Failed last-ditch negotiations have led to the dissolution of the Haitian parliament.
Point of view
Today the parliament is dysfunctional and it's the fault of the head of state, who no longer has any reason to be in office.
President Michel Martelly was unable to persuade opposition senators to approve a plan to increase parliamentary terms until a vote can take place.
In December, the president tried to calm his critics by appointing the capital’s mayor, Evans Paul, as the new prime minister. Parliament refused to ratify him, although as de facto prime minister, Paul says he has started consultations to form a government.
Neither legislative, nor municipal, elections have been held during Martelly’s term in office, meaning the decisions he makes are effectively unchallenged.
Referring to the president, lawyer and opposition figure André Michel said:
“He has not organised credible elections. He’s been in power to do it and after three and a half years, he hasn’t done it. Today the parliament is dysfunctional and it’s the fault of the head of state, who no longer has any reason to be in office.”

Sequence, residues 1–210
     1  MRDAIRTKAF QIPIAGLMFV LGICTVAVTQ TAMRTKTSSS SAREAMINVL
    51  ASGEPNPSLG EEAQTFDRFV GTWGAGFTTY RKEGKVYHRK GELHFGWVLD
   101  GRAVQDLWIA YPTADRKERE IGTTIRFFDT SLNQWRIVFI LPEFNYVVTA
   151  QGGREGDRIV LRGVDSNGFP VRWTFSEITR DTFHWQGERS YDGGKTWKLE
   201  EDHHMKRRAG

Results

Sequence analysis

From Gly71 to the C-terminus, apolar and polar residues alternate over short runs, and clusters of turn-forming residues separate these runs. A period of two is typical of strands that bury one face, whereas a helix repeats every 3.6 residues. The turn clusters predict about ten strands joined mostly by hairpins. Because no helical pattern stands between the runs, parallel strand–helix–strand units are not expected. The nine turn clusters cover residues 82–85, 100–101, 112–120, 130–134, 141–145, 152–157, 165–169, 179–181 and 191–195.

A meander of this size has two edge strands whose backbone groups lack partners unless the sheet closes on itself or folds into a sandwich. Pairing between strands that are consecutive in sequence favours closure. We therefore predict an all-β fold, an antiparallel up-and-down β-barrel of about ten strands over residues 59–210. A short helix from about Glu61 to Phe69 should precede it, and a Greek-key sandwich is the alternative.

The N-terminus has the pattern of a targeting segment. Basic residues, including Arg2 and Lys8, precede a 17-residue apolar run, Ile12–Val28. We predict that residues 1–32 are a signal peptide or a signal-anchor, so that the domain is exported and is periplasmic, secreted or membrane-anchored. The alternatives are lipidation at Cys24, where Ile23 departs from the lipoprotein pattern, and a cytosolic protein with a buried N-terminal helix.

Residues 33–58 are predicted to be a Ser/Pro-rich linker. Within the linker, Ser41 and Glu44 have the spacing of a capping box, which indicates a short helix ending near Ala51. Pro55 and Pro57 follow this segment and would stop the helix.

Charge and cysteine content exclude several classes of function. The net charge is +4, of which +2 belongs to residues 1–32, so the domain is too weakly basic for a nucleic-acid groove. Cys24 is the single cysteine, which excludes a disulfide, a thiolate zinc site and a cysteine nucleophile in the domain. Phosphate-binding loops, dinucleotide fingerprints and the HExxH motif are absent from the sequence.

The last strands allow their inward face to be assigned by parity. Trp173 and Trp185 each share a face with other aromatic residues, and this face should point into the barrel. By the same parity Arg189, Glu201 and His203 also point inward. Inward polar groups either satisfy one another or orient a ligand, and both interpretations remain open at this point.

Haiti is left in a shaky transition period, with Martelly’s opponents mounting increasingly violent street protests in the capital, Port-au-Prince.
The president has the backing of the US and the United Nations ‘Core Group’ of countries assisting Haiti following the 2010 earthquake. On Tuesday (January 14), the UN called on all parties “to organize, as soon as technically feasible, inclusive, fair, transparent and equitable elections in 2015”, fearing the Western Hemisphere’s poorest country could descend into political chaos.
No date has been set for legislative or municipal elections, however a presidential vote is scheduled for the end of 2015.